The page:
Irritable bowel syndrome, commonly known as IBS is a very common gut disorder and is estimated to affect one in five Irish people. It affects both men and women and can occur in people of all ages. It is known as a functional gut disorder as no physical abnormalities are seen but changes in function occur. This results in symptoms which include abdominal pain, bloating, flatulence, belching, diarrhoea and constipation. IBS is broadly defined into two categories:
IBS-C in which constipation predominates
IBS-D in which diarrhoea predominates
However, a person can suffer from both diarrhoea and constipation.
It is not fully understood what causes IBS - it’s quite possibly a number of interrelated factors such as gut bacteria imbalances known as dysbiosis, genetics, diet, chronic stress- which all culminate to a person having a hypersensitive gut.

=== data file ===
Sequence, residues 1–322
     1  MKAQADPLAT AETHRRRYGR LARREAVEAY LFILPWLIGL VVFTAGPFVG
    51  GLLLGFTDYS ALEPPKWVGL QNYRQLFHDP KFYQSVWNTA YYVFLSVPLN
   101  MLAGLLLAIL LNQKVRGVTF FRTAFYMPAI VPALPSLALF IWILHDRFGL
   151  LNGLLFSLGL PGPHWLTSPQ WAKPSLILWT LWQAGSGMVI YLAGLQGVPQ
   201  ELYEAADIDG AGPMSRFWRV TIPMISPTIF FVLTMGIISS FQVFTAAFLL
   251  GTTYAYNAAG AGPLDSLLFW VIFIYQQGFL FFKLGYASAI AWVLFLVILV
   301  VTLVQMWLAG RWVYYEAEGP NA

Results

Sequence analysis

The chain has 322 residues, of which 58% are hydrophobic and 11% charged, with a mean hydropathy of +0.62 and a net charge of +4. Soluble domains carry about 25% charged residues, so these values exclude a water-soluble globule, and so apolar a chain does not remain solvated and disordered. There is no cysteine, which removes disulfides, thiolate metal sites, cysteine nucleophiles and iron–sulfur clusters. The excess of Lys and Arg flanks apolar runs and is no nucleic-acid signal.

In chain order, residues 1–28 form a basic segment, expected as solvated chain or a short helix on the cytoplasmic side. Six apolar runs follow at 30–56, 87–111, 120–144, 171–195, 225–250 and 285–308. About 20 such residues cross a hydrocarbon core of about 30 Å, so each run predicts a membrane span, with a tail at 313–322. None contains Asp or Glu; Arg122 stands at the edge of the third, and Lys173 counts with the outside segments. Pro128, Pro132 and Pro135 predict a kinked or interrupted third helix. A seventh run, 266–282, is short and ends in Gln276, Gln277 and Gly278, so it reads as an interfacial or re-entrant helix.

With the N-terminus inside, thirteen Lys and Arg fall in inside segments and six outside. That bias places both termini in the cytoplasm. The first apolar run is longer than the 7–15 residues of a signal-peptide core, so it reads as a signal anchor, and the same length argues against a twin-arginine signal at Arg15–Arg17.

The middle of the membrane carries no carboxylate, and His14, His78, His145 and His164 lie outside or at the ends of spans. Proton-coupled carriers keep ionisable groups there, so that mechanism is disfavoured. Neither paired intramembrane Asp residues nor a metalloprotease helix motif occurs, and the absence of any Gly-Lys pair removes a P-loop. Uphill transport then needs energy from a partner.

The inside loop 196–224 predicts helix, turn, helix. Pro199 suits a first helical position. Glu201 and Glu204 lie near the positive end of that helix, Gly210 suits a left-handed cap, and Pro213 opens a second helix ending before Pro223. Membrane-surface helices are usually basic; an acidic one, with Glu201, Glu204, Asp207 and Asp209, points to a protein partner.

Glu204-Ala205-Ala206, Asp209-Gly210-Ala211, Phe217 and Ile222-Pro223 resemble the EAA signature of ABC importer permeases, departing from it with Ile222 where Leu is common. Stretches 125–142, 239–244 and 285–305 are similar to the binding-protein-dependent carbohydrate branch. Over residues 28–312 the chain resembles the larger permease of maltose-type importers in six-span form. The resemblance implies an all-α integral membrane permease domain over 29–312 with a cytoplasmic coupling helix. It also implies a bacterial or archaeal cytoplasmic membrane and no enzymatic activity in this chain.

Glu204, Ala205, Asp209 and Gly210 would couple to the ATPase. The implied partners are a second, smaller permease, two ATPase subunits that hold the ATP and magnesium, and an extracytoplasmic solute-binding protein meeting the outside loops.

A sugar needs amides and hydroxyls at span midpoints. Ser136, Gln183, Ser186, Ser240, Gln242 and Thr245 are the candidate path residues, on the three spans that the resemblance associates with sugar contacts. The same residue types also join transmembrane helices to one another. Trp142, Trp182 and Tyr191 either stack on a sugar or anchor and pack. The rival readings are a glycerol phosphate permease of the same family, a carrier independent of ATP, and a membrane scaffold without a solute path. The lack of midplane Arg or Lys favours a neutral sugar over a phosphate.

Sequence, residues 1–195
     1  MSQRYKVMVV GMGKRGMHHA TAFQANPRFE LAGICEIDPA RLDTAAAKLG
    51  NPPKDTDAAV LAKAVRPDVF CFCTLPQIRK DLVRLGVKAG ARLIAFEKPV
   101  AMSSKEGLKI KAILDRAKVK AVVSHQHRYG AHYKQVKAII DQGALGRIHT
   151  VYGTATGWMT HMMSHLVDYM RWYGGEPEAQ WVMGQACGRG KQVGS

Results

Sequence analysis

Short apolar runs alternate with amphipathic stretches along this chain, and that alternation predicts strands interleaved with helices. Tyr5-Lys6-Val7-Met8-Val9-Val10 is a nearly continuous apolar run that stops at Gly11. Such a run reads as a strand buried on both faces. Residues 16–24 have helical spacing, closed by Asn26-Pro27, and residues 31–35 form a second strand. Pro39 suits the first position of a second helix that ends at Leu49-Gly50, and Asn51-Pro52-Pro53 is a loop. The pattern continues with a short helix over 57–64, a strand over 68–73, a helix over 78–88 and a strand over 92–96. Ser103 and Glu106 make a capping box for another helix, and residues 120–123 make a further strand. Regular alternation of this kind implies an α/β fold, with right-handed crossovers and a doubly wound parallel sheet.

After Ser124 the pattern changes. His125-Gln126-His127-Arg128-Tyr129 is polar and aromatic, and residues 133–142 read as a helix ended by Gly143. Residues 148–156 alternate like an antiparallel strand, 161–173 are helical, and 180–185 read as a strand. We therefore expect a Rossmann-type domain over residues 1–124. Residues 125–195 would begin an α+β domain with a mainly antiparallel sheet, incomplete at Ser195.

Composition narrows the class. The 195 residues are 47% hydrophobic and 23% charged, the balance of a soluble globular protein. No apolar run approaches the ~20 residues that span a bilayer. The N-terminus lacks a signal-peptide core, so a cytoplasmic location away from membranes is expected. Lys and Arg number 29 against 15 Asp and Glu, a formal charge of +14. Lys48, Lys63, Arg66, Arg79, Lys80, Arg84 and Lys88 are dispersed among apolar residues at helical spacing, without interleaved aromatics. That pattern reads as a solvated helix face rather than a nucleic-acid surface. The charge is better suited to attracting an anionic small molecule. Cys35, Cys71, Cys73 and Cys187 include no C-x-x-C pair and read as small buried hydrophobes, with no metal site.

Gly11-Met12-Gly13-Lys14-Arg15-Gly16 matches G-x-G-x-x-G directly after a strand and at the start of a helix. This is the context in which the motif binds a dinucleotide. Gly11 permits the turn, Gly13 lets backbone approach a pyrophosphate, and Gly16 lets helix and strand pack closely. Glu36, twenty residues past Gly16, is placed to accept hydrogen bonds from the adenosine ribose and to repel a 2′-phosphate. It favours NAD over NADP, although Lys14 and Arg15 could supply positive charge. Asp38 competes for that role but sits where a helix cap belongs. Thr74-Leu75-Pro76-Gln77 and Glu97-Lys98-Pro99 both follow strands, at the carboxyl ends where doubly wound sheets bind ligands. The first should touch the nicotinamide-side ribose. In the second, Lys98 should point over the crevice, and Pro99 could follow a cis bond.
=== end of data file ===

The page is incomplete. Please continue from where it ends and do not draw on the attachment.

IBS is a condition that when you get a diagnosis, you can be left feeling a little lost. What next? While there are medications to help treat symptoms of IBS such as antispasmodics for spasms, there is no cure in the form of a pill. Luckily, IBS can be managed if treated correctly. Nutrition, lifestyle and supplementation can all play vital roles in IBS management. So what’s involved?
1) Identify possible dietary triggers
There are so many different foods and beverages that can cause IBS flare ups from commonly known trigger such as coffee, alcohol, spicy food, beans and dairy to less known culprits such as artificial sweeteners (yes protein bars we’re looking at you!), onions, garlic and avocado. The best way to identify triggers is through keeping a food and symptom diary for 3-5 days. Identifying triggers is only the first step - the next is seeing what personal tolerance levels are like, how much of the food can be kept in and to what extent it should be avoided. This process, especially when elimination of foods is involved, should always be done under the guidance of a qualified nutritionist to avoid any nutritional deficiencies.
2) Look at fibre intake
Intakes of fibre that are too high or too low can aggravate IBS symptoms such as bloating, constipation and diarrhoea. If intakes are low and constipation is an issue, fibre should be gradually increased alongside increased water intake.